I have spent the last 6 and a half years in university, and have 6 more months until I am finally finished. I think that somewhat qualifies me to talk on this subject.
I have come to the conclusion that in 2016, universities are no longer relevant, and that the method of learning that university provides is no longer effective (if it ever was).
Here is why:
- - For the most part, they are location dependent - an issue for fractured cities such as Johannesburg.
- - Coursework cannot be revised fast enough to keep up with evolving technologies and economies.
- - In design degrees (architecture, fashion, industrial design), students are subjected to authorities' beliefs and their view of reality - something that can only hinder progression if the student's view is somewhat different.
- - They are far from affordable for the people who actually need it most, and often the vehicle that leads straight to debt (student or parent, or even both). This is mainly because they rely heavily on physical infrastructure and man-power to run - something software and the internet could completely resolve.
- - They do not prepare the students for the realities of the working world. Starting a business in that field, challenges they might face, etc.
- - There is far too much red tape for systems to be revised fast enough to be relevant to the times. (i.e. The reliance on academic journals and other "qualified" sources).
These are some of my suggestions for the future of education (some are already happening, thankfully):
- - Remove the requirement for a formal degree in heavily regulated industries such as architecture, medicine, engineering and hospitality and replace them with internships and benchmark exams that you cant take and retake whenever you feel ready. This way people can learn by doing, not by abstract theoretical study that is quite possibly not even relevant anymore. I suggest an 80% doing, 20% training/guiding balance. This can also help focus your learning, for example, you don't have to learn about landscaping in architecture school if your primary interest is transport systems. You can choose your focus and therefore save time and have a more relevant, lean education.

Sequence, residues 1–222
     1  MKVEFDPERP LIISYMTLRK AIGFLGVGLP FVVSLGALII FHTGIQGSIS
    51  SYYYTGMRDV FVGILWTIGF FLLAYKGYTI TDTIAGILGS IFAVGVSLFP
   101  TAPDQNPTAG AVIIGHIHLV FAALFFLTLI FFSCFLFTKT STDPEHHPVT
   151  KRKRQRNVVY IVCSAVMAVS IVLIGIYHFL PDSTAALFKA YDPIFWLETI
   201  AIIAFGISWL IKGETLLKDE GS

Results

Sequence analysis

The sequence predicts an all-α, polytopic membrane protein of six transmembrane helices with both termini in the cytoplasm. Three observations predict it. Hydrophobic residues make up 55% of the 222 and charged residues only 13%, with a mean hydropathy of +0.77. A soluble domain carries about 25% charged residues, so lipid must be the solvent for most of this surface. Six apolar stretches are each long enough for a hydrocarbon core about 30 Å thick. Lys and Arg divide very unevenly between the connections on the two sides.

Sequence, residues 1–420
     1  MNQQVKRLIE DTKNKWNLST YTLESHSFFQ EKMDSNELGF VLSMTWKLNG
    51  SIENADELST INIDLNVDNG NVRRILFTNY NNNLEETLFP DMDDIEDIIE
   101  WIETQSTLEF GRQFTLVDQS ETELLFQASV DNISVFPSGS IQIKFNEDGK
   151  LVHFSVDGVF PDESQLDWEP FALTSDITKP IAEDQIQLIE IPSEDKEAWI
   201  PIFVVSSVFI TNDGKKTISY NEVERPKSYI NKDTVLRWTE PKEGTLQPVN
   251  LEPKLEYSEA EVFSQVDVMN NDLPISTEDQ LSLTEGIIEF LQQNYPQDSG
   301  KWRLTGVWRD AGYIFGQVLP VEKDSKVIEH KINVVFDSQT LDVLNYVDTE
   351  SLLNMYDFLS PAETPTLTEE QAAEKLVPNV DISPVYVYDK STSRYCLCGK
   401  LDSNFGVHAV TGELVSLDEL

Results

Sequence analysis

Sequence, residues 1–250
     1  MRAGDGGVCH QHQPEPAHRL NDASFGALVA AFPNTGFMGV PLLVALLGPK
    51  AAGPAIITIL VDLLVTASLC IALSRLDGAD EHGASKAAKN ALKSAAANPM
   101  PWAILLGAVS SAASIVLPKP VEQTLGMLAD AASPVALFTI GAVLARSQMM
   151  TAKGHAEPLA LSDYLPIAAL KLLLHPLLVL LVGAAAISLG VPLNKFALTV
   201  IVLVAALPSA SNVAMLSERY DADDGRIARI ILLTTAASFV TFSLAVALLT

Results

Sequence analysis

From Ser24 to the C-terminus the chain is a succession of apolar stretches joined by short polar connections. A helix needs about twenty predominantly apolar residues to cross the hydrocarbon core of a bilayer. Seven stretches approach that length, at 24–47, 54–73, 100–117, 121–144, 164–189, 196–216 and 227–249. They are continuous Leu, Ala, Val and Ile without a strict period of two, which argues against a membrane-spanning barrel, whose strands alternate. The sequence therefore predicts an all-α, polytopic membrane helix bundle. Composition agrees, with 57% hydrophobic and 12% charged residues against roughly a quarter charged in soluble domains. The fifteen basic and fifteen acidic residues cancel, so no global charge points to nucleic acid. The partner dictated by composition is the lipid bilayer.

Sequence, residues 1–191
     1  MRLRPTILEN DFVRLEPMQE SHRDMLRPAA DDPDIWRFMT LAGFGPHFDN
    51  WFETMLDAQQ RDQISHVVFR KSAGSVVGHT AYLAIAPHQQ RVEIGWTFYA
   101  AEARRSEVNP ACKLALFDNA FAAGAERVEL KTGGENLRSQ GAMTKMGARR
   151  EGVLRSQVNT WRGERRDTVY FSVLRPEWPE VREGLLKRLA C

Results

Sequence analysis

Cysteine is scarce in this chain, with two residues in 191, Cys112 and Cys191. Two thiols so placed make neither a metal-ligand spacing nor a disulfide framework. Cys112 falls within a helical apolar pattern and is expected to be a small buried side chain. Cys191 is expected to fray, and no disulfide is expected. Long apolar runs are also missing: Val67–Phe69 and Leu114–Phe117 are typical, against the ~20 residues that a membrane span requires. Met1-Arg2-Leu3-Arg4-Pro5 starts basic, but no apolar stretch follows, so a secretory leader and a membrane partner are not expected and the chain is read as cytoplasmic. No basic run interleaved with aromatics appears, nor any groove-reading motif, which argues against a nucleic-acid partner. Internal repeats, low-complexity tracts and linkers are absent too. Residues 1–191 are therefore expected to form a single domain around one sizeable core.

- - Take all degrees online and make them a great deal cheaper. (Not free, because there needs to be at least some cost involved to motivate someone to actually follow through). This way, you don't rely on professors and lecturers, your course can be updated at any time to remain relevant and anyone can sign up regardless of geographical location.
- - Make all "qualifications" non time-dependent. This way people can go as fast or as slow as they please.
- - Make use of online communities to tap into shared knowledge so that we can all move forward faster by learning from other peoples' mistakes and failures.
With the above proposed system, I also believe that only the best and strongest will survive - you can fool your way through a university degree, but not through an internship with a mentor that relies on you on a day to day basis or an online course with levels that you simply cannot pass without objectively having the skills or knowledge.
In summary, here is a quote about education:
"Education needs to be rethought. Education does not just happen in college, but it also happens in developing skills which will enable people to contribute to our society as a whole." -Peter Thiel
And one that will inspire you to just do what ever you want, regardless of who says you should go study, or that you have to have a degree.
"If you're less sensitive to social cues, you're less likely to do the same things as everyone else around you." -Peter Thiel